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Students write to state lawmakers about issues of concern

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This was not your average assignment for students in Sasha Link’s Writing Rhetorically course at Bridgewater State University.

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“A lot of times in English classes you get a prompt to imagine you are writing to this person,” said Niccolo Lembo-Volpe, a Wareham High School junior taking the class through a dual-enrollment program.

“You’re never actually writing to them,” added BSU student Maddie Elliott, ’22.

But Link, ’04, made the hypothetical real when she asked students to write to their lawmakers on topics about which they are passionate – and subsequently hand deliver their letters during a trip to the statehouse.

“The most important thing is to then turn these ideas and passions into an open conversation and dialogue,” said Link, an adjunct professor in the Department of English and former legislative aide.

Link challenged students to write about topics related to their hometowns or the Bridgewater State community. 

Maddie, who lives in Foxboro, asked state Sen. Paul Feeney, D-Foxboro, if police have adequate training to respond to major incidents at Gillette Stadium. Niccolo wrote to state Rep. Susan Williams Gifford, R-Wareham, about creating more educational opportunities for non-native English speakers. Emily Mullaney, ’22, who is from Canton, advocated for increased funding and awareness for the Canton High School theater program.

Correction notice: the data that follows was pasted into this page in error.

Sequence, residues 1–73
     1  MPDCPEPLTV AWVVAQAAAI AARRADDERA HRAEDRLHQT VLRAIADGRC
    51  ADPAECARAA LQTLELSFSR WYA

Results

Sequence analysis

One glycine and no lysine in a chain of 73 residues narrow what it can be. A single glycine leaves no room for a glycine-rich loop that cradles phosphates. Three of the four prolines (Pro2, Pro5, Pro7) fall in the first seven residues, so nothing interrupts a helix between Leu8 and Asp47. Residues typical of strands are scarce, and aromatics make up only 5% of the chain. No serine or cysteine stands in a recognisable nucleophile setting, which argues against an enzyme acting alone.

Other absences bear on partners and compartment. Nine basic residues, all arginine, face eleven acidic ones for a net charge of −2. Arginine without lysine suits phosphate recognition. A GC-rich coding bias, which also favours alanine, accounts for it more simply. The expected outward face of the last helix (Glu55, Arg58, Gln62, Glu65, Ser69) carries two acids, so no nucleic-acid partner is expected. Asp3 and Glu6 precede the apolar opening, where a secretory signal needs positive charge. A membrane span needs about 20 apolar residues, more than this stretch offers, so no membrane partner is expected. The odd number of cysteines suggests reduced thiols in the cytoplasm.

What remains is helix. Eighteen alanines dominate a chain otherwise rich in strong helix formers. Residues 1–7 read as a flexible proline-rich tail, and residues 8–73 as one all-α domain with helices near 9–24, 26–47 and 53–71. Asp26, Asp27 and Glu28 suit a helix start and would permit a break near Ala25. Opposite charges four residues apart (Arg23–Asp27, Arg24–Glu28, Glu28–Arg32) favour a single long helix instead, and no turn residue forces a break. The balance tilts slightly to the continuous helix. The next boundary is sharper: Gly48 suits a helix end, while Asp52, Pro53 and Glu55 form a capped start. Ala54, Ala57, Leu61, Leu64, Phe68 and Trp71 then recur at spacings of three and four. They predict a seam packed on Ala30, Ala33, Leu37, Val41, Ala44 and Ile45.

“I learned the importance of putting your words out there,” said Emily, who wrote to state Rep. William Galvin, D-Canton, and talked with state Sen. Walter Timilty, D-Milton. 

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Many students were unable to meet their lawmakers. But, they presented letters to secretaries or aides and went on an eye-opening tour of the statehouse.

“It was a lot of fun. It was really cool because I had never been there before,” said Abby Grella, ’22, of Mansfield, who wrote to state Rep. F. Jay Barrows, R-Mansfield, arguing foreign language instruction should start in lower grades. “You always hear what goes on in there and never go there to experience it.”

Students took in the statehouse’s grand architecture and found out it truly is a public building. 

“I always thought you have to be an exclusive person to get into the statehouse,” said Shayla Young, ’22, of Abington, who advocated for the Jeff Coombs Memorial Road Race in a letter to state Sen. John Keenan, D-Quincy. “I learned that it is the people’s house. You don’t have to be someone exclusive or important.”

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